I’ve previously discussed how to develop a .net core AWS Lambda with the serverless framework to provide an abstraction over the underlying operating system and execution runtime so that you can more easily achieve economies of scale using Cloud computing paradigms.
In this post, I will expand on these concepts and provide an introduction on how you can introduce concepts like dependency injection and configuration to your lambda functions.
Serverless Framework enables you to easily create and manage resources used by your Lambda components and creates a simple stub function enabling you to focus on developing your function.
The one problem with this is that developers may perceive that they can’t implement all the usual good things you would in any other development project and judging from some of the code I have had to deal with out in the wild this certainly is true!
AWS Lambda and .net core
AWS Lambda supports a number of programming languages and runtimes, well custom runtimes which enable the use of any language and execution environment. Included in the list of standard runtimes is Microsoft .NET Core, an open-source cross-platform runtime, which you can build apps on using the C# programming language.
When generating a project using the serverless framework template is that is lacks the usual hooks for setting up configuration and dependency injection. Youâ€™re on your own for adding the necessary code. I will walk you through the process of implementing all the boiler plate code required.
To generate a new serverless lambda project we’ll use the following Serverless command:
To learn how to install the Serverless Framework and what these commands do I urge you to read Getting started with .NET Core and the Serverless Framework
Once the project has been generated we can set to work clearing out the
Handler.cs and remove most of the code there so we’re only left with the following
Add .net core Dependency Injection to lambda
Anytime you directly create an object you are coupling yourself to a specific implementation. So it stands to reason that youâ€™d want to apply the same Inversion of Control pattern and .NET Core Dependency Injection goodness to your AWS Lambda Functions as you would in a standard ASP.NET Core Web API project.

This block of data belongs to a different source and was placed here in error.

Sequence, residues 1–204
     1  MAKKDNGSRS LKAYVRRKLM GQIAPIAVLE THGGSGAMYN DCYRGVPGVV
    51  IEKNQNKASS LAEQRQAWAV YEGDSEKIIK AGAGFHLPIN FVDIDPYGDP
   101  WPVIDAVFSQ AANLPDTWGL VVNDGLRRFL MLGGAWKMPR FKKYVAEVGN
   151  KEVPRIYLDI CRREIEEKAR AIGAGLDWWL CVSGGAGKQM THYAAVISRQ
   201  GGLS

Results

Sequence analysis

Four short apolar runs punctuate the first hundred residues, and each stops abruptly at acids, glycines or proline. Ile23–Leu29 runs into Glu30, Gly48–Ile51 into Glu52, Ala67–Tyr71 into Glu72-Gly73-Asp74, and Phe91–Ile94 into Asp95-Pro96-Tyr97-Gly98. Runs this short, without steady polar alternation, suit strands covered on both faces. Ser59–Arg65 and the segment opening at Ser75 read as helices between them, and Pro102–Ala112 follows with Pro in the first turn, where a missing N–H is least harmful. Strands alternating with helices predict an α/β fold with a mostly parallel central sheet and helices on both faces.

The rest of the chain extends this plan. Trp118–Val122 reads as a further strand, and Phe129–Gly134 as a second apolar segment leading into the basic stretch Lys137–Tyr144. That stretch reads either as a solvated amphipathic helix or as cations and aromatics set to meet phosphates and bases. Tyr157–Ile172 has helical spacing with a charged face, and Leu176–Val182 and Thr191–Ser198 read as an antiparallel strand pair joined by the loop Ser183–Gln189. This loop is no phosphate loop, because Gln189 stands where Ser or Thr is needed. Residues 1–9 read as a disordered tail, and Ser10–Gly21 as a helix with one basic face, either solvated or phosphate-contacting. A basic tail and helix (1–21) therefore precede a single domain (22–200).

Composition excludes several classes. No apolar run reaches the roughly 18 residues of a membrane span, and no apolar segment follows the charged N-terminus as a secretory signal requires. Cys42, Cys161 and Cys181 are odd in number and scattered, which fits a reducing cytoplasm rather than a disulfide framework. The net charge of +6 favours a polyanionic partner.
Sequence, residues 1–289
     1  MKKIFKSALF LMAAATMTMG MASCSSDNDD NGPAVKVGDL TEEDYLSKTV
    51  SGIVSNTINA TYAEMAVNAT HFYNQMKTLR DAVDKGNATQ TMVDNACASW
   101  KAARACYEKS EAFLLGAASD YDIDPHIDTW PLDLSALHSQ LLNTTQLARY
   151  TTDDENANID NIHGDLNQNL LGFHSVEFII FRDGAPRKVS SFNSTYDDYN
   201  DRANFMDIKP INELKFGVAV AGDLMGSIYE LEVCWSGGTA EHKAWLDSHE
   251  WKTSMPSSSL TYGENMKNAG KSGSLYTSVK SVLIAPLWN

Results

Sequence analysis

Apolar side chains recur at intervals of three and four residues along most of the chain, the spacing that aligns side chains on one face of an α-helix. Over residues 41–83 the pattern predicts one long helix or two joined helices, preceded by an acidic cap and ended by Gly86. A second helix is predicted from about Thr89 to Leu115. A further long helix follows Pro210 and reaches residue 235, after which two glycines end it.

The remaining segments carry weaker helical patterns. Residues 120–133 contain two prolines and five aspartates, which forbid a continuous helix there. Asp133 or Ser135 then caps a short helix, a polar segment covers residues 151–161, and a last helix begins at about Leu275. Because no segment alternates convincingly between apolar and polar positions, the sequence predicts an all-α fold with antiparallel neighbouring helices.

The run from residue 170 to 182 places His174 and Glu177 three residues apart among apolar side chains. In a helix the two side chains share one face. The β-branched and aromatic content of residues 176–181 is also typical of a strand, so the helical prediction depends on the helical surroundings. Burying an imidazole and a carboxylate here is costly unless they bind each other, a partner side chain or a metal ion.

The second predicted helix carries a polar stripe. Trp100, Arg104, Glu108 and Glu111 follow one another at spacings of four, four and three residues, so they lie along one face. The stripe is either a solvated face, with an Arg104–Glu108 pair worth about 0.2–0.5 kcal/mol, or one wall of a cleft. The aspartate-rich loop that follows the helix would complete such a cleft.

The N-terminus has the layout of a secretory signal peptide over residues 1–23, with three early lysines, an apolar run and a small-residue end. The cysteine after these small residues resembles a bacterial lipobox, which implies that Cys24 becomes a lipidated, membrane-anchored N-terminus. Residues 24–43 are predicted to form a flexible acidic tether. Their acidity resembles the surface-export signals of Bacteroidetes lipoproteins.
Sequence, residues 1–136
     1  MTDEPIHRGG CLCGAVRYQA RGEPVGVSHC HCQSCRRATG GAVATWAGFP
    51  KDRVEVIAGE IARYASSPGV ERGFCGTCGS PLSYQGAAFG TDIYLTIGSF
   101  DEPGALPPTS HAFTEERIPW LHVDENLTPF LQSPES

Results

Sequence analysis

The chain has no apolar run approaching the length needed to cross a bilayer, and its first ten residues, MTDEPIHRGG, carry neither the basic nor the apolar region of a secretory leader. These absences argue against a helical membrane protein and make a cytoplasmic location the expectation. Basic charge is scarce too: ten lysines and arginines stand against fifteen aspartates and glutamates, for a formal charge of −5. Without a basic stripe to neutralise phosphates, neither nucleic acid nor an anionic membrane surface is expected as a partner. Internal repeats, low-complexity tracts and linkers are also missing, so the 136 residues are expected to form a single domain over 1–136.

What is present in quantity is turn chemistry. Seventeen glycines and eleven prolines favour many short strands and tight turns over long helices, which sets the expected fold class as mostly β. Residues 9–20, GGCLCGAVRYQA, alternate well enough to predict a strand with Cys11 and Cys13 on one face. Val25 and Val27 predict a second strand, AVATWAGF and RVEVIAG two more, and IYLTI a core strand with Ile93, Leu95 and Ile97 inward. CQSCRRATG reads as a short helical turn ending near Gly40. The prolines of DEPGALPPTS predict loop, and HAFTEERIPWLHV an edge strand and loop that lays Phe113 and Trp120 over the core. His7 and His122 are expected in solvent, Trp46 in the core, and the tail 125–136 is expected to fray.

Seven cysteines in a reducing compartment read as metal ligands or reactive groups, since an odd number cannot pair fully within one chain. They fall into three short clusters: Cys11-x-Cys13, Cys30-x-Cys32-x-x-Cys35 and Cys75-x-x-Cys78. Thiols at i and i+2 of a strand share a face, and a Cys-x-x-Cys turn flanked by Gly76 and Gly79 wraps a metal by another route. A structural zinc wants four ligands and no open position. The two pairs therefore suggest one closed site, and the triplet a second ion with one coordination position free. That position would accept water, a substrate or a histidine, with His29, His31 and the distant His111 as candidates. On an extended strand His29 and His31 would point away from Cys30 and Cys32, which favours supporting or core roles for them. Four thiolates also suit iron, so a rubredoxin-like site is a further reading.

The additional benefit of making use of IOC and Dependency Injection code in an AWS Lambda project is that you can eventually make use of AWS Lambda Layers which enable you to configure your Lambda function to pull in additional code and content in the form of layers.
A layer is a ZIP archive that contains libraries, a custom runtime, or other dependencies. With layers, you can use libraries in your function without needing to include them in your deployment package.
First we need to wire up dependency injection, so in order to do that add the following references to our project
Note the version number, this is due to fact AWS lambda currently only supports .net core 2.1.0.
In our next step lets add a new Interface which we’ll name
Implement Lambda Configuration
We can now add a class that will implement the interface we’ll imaginatively call this
Initially we are going to enable our Lambda to read configuration settings from an
appsettings.json file so before we add the code to do so add the file to your project. Just add an empty
json file, by convention .net developers name this file
appsettings.json but you can call it whatever you want.
Your aws-cshapr.csproj should now look something similar to this
We can edit the our LambdaConfiguration to get data from our appsettings
We can now complete the code from our simple lambda. So edit the Handler.cs to contain the following code.
All this code is basically doing is wiring up the dependency injection and configuring the application. On line 20 we have created a simple Hello lambda method and the only thing it does is read a value from the appsettings file, a key which we have called hello.
Our App Settings file is rather simple and looks like
Build and Deploy the Lambda
We can now build and deploy our lambda using Serverless Framework. I typically work on my Linux box so I will build the application making use of the
build.sh. I have kept the yaml file really simple and it contains the following
Using the build command
Then once the build has completed we can simply deploy our application to AWS using
after the deploy has completed we can simply test our function by invoking it as follows
We should then see the a response printed of whatever the value you placed in the appsettings file
In this simple tutorial we have discovered how to implement a basic implementation of Dependency Injection and we have also provided an example of how you can make use of application configuration to make use of appsettings to store addtional configuration information for your AWS Lambda and read this information at run time.
The objective of this article was just to introduce you to the concept that you can implement and use Dependency Injection with AWS Lambdas, if you would like to read more about Advanced dependency in AWS Lambda and .net core